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Mallinckrodt ARD Inc., formerly known as Questcor Pharmaceuticals, Inc., and its parent company, Mallinckrodt plc, agreed to pay $100 million to settle charges that they violated the antitrust laws when Questcor acquired the rights to a drug that threatened its monopoly in the U.S. market for adrenocorticotropic hormone (ACTH) drugs. Acthar is a specialty drug used as a treatment for infantile spasms, a rare seizure disorder afflicting infants, as well a drug of last resort used to treat other serious medical conditions. The complaint alleges that, while benefitting from an existing monopoly over the only U.S. ACTH drug, Acthar, Questcor illegally acquired the U.S. rights to develop a competing drug, Synacthen Depot. The acquisition stifled competition by preventing any other company from using the Synacthen assets to develop a synthetic ACTH drug, preserving Questcor’s monopoly and allowing it to maintain extremely high prices for Acthar. In addition to the $100 million monetary payment, the proposed stipulated court order, which must be approved by the federal court, requires that Questcor grant a license to develop Synacthen Depot to treat infantile spasms and nephrotic syndrome to a licensee approved by the Commission.
The American Guild of Organists agreed to eliminate rules that restrict its members from competing for opportunities to perform to settle charges that the guild’s rules restrained competition and harmed consumers in violation of the FTC Act. The guild represents approximately 15,000 member organists and choral directors in 300 chapters in the US and abroad. Under the guild’s code of ethics, if a consumer wished to have someone other than an “incumbent musician” play at a venue for a wedding, funeral or other service, the consumer was required to pay both the incumbent and the consumer’s chosen musician. The code of ethics stated that “members are advised to protect themselves as incumbents” through contracts that secure fees even if they don’t perform. The guild also developed and publicized compensation schedules and formulas, and instructed its chapters and members to develop and use regionally applicable versions to determine charges for their services. The Commission's consent order requires the American Guild of Organists to stop restraining its members from soliciting work as musicians, and to stop issuing compensation schedules, guidance, or model contract provisions for members to use to determine their compensation. The guild must implement an antitrust compliance program, and is required under the order to stop recognizing chapters that fail to certify their compliance with the order’s provisions.
OFTACOOP, a Puerto Rico ophthalmologist cooperative, has agreed to settle FTC charges that its actions harmed competition. The complaint charges that OFTACOOP – also known as Cooperativa de Médico Oftalmólogos de Puerto Rico – unlawfully orchestrated an agreement among competing ophthalmologists to refuse to deal with a health plan, MCS Advantage, Inc., and its network administrator, Eye Management of Puerto Rico, LLC. OFTACOOP’s concerted refusal to deal forced MCS to abandon its plan to engage Eye Management to create a lower-cost network of ophthalmologists. MCS was also forced to maintain its then-current reimbursement rates paid to ophthalmologists. According to the complaint, OFTACOOP restrained competition without any justification, in violation of federal antitrust law. The proposed consent order prohibits OFTACOOP from entering into or facilitating agreements between or among ophthalmologists (1) to refuse to deal, or threaten to refuse to deal, with any payor regarding any term, including price terms, or (2) not to deal individually with any payor, or not to deal with any payor other than through OFTACOOP. The order also prohibits information exchanges to facilitate any prohibited conduct, and it bars any attempts to engage in any prohibited conduct. OFTACOOP is also barred from encouraging, suggesting, advising, pressuring, inducing, or trying to induce anyone to engage in any prohibited conduct.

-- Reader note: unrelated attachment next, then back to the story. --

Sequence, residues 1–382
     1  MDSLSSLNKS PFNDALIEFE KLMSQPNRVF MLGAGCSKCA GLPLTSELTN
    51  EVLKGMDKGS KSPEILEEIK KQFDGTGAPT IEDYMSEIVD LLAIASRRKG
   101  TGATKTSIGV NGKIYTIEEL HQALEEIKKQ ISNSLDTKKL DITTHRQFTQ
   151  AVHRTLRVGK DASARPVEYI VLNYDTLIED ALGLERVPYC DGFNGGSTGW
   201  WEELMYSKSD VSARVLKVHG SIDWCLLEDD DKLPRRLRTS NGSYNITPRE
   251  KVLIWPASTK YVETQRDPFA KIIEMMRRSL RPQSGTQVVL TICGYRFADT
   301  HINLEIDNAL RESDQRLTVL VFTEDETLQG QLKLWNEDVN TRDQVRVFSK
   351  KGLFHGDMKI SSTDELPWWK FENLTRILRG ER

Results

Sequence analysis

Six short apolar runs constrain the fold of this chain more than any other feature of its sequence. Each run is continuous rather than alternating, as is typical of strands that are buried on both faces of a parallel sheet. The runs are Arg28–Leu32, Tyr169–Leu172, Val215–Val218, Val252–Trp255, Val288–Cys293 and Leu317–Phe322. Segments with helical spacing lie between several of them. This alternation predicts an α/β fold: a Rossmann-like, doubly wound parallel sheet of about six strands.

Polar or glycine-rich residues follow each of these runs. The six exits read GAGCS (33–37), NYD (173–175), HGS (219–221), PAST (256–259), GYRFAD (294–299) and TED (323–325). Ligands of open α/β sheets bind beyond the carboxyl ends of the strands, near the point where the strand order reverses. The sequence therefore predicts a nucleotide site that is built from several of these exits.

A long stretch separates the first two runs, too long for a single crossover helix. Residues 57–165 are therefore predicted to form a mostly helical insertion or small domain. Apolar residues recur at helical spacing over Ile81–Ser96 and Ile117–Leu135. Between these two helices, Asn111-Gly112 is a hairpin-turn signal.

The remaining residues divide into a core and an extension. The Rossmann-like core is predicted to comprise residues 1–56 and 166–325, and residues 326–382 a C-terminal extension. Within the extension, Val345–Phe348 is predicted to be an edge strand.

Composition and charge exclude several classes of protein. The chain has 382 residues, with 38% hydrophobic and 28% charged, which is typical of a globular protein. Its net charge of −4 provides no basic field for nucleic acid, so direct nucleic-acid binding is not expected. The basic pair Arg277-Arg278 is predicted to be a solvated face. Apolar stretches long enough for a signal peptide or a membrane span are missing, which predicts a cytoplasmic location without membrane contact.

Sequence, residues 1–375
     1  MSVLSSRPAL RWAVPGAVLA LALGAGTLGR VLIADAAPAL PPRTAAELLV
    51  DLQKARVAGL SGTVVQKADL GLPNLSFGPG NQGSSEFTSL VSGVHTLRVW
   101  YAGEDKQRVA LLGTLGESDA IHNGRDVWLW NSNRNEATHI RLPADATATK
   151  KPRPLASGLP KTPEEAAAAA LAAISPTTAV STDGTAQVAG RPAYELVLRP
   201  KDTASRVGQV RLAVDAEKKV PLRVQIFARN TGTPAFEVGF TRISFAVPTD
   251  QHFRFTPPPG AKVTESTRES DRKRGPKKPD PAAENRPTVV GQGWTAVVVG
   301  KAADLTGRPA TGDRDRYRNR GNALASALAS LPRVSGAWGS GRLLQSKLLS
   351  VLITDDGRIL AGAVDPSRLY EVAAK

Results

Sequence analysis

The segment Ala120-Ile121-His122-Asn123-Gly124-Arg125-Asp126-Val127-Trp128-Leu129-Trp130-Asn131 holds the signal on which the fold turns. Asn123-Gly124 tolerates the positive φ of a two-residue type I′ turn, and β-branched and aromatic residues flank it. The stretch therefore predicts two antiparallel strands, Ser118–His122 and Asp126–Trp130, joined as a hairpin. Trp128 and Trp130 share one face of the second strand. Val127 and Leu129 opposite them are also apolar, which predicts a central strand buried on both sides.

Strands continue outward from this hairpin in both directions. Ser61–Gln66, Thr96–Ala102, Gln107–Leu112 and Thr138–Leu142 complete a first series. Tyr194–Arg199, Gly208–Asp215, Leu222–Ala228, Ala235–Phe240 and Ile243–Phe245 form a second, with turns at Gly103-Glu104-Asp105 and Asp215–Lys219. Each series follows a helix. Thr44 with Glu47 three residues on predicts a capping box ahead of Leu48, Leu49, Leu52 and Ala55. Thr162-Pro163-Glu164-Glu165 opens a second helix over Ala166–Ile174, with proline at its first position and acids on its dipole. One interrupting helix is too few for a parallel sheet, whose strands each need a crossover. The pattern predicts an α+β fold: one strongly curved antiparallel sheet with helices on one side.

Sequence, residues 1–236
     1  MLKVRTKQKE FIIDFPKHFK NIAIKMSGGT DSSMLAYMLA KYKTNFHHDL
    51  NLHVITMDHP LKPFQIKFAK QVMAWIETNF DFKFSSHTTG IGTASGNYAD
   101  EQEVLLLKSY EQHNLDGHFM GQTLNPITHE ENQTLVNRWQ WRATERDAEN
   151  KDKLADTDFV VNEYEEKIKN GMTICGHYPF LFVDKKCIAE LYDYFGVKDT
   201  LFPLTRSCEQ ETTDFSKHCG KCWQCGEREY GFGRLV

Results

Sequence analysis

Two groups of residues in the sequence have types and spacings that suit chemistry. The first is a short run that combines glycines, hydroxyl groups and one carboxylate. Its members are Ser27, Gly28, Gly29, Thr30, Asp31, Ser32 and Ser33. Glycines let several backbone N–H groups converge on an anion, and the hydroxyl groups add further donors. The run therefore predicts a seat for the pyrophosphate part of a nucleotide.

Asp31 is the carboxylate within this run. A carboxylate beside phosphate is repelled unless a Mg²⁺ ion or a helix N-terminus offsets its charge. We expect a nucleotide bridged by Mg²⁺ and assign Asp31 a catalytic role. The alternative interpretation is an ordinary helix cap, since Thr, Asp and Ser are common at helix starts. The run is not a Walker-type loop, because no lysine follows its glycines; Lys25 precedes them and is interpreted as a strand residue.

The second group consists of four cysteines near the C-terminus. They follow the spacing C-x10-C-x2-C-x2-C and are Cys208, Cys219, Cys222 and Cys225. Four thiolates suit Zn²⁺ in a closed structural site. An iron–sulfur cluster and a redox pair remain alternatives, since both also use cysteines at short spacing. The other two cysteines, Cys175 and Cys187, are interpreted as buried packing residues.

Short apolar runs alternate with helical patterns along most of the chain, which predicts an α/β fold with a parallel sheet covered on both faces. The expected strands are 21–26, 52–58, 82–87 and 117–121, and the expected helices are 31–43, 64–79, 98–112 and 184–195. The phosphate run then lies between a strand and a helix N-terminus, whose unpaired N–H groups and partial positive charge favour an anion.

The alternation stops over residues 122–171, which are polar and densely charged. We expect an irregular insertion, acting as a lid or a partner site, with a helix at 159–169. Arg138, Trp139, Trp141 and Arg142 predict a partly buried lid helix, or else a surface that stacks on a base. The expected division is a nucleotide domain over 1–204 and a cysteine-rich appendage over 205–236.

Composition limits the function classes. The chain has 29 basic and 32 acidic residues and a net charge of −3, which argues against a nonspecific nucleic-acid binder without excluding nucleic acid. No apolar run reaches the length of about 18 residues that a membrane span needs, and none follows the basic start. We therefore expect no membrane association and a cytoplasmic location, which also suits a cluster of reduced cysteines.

Mallinckrodt Will Pay $100 Million to Settle FTC, State Charges It Illegally Maintained its Monopoly of Specialty Drug Used to Treat Infants
Fortiline, LLC, a company that distributes ductile iron pipe, fittings and accessories throughout much of the United States, agreed to settle charges that it violated federal antitrust law by inviting a competitor to raise and fix prices. This is the first case where the FTC has challenged an invitation to collude by a firm that is both a direct competitor with, and a distributor for, the invitee. According to an administrative complaint filed by the FTC, on two occasions in 2010, Fortiline invited a competing firm, which mainly manufactures ductile iron pipe but also engaged in direct sales to contractors, to collude on pricing in North Carolina and most of Virginia. In some areas, Fortiline competes with this firm – identified in the complaint as “Manufacturer A” – by distributing ductile iron pipe (“DIP”) products made by another DIP manufacturer, identified as “Manufacturer B.” In other areas, Fortiline distributes the product of Manufacturer A. The FTC’s complaint alleges that on two occasions when Fortiline was competing with Manufacturer A, Fortiline communicated an invitation to collude on DIP pricing.The proposed consent order prohibits Fortiline from entering into, attempting to enter into, or inviting any agreement with any competitor to raise or fix prices, divide markets, or allocate customers.
FTC and DOJ Seek Views on Proposed Update of the Antitrust Guidelines for Licensing of Intellectual Property
FTC Sues 1-800 Contacts, Charging that It Harms Competition in Online Search Advertising Auctions and Restricts Truthful Advertising to Consumers
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